Practice the Best Dentistry for You and Your Patients.
In the last year, everyone has heard the phrase “Make America Great Again.” Regardless of your personal political affiliations, that slogan forces each of us to ask a very basic question. Are we satisfied with the current state of affairs, and if not, what can we do about it?
This is an especially important question for today’s dentists, who should ask themselves, ‘Am I happy with the current state of my practice, and if not, what can I do about it?’ The last decade has seen huge changes in the dental industry. The emergence and growth of corporate dentistry is threatening the single practitioner/owner model that has defined dentistry for the past century.
In addition, legislative and insurance changes are complicating the regulatory environment in which dentists are forced to compete. New technologies and materials are expanding the scope and scale of treatment options for patients at a rapid pace. And finally, patient expectations and the Internet are changing the doctor–patient relationship in profound ways. With all this change it is easy to understand how some dentists might be wishing for the good ol’ days.
One of the biggest stresses in dentistry is and has always been productivity. Too many dentists work a long day only to find a low production number at the end of it. The problem isn’t really production, though—it’s a problem of perspective. If dentists become locked into doing only what insurance companies will cover, or based on preconceived notions of what patients will pay for, they will struggle.
To make dentistry great again, dentists should be comprehensively diagnosing and presenting all the great solutions that dentistry can offer to patients. Implants, full arch reconstruction, splint therapy, sleep dentistry, and enhanced cosmetics are but a few of the options dentists can explore.
If you find that you are dissatisfied with your practice, I issue the following challenge: diagnose and present a full arch reconstruction case this week and every week thereafter to a patient who genuinely needs it. Learn to see it!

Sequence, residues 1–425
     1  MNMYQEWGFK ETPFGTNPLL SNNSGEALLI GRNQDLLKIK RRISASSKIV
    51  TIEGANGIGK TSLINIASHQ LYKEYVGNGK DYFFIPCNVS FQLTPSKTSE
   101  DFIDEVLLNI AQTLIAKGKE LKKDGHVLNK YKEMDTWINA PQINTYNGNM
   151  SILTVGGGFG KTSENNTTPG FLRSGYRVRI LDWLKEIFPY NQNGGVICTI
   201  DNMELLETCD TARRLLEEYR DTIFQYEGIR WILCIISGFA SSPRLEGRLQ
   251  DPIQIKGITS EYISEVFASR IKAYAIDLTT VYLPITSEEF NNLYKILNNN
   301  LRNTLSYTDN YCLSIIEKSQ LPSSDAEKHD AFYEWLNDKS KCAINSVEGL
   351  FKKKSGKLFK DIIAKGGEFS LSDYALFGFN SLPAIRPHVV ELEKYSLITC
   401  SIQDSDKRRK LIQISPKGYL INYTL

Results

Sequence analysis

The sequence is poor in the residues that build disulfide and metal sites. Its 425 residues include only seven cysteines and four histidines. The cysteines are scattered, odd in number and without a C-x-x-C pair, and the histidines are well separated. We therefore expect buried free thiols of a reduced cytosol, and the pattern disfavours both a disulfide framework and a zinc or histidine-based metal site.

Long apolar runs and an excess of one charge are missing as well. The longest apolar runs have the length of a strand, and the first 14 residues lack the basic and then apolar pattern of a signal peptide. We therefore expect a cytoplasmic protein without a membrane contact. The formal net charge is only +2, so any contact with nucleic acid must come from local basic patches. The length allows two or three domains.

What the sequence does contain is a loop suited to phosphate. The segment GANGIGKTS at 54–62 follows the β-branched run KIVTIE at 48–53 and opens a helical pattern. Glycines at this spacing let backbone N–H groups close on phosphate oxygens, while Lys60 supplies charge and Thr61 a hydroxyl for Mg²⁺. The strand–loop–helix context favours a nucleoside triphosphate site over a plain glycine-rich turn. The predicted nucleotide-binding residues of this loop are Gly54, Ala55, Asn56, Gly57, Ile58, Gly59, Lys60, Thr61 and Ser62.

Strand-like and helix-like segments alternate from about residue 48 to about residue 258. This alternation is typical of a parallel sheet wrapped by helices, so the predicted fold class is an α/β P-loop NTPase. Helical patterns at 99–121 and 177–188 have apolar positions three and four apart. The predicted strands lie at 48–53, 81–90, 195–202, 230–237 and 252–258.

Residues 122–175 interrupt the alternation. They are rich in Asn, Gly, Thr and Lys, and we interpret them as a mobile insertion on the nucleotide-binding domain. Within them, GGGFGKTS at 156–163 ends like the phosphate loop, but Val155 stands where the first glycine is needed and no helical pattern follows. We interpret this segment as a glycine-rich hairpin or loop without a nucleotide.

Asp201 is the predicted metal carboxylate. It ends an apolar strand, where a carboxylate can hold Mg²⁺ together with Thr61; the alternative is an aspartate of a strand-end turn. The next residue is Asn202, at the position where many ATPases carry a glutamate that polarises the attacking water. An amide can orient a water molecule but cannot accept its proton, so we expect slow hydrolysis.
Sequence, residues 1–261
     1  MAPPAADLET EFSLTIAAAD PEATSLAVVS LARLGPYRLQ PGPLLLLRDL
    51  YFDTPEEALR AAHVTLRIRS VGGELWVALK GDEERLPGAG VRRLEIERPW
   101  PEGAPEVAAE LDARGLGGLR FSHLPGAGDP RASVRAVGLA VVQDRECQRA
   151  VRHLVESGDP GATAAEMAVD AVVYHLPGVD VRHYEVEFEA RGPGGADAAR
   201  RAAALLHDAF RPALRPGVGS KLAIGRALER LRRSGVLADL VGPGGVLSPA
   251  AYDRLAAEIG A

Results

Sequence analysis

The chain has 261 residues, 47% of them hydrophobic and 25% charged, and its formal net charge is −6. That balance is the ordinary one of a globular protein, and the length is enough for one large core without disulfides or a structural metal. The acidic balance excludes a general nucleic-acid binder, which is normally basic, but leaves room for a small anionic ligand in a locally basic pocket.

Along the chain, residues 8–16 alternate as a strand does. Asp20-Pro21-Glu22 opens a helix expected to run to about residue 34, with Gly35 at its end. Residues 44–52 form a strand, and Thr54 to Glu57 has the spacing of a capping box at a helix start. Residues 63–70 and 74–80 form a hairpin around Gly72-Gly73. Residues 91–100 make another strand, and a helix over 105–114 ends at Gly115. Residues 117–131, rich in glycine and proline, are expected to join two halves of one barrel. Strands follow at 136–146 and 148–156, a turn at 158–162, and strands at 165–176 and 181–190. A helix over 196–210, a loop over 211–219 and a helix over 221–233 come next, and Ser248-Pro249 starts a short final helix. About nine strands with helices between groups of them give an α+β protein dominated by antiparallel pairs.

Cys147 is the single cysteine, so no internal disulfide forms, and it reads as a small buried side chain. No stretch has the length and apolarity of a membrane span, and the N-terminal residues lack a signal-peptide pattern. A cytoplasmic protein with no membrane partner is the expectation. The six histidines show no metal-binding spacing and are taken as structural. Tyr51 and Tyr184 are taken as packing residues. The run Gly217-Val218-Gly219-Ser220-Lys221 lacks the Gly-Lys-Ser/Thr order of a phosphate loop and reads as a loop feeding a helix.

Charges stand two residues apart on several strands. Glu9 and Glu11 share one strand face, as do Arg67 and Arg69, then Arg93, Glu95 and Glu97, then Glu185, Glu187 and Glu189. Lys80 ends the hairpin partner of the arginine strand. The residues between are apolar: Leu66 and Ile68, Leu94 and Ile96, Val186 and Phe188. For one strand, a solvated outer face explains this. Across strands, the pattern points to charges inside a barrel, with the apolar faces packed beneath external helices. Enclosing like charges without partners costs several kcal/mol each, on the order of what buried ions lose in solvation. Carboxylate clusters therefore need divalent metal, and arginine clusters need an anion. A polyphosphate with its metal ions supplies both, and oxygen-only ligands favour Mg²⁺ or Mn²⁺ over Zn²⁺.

Don’t prejudge patients on their ability to pay. Just present the case in terms of value and confidently quote the fee. You’ll be surprised at how great dentistry becomes when you are doing the life-changing dentistry that makes each month more productive than the last, and patients are happier, too.
This issue of Aesthetic Dentistry highlights a life-changing case by Dr. Thomas P. Shortell. His patient, Jack Peavey, underwent a full mouth reconstruction, and the results were more than satisfying for both doctor and patient (see the article “Tackling Jack’s Smile” on page 14).
Another common feature among those who are dissatisfied with dentistry is a daunting feeling of isolation. When you’re in a single provider practice, it can feel like it’s just you against the world and the competition is everywhere.
Dentistry can only be great, however, when you have the right support structure. If you don’t currently have a mentor, find one. Being able to talk with someone who knows your struggles and has found answers is key to being able to navigate the challenges that we all encounter. Bring your staff on board by sharing with them your philosophy of always doing your best.
In this issue, Dr. Jason P. White discusses the challenges he faced before finding a group of mentors in the story, “Cheering You On” (see page 10). Now Dr. White’s practice is transformed, he has a zest for dentistry, and his patients are benefitting from the change in philosophy of doing only his best.
Finally, making dentistry great means providing a great product for your patients. If you constantly look for the cheapest and fastest way to do things, you’re operating solely on a price-driven strategy. Following the lowest price may mean that you are busy, but not necessarily productive, and certainly not satisfied—nor is your staff happy with low wages.
Dr. Jim Downs offers a membership plan for patients who want to receive the highest quality care, regardless of their insurance plan—or lack thereof. To read Dr. Downs’s story, see “Join the Dental Membership Club!” on page 22.
Dentistry becomes great when it is value-driven. I recommend using the formula “Value = Benefits – Cost.” The key to the formula is making sure that the benefits outweigh the costs. If so, then the treatment has value for the patient.
Seek to become a dentist who offers the results that patients just can’t get anywhere else. That means offering the best techniques and the best materials for the best outcomes. Then you’ll become the go-to dentist for life-changing dentistry. And dentistry will become great again for you and for your patients.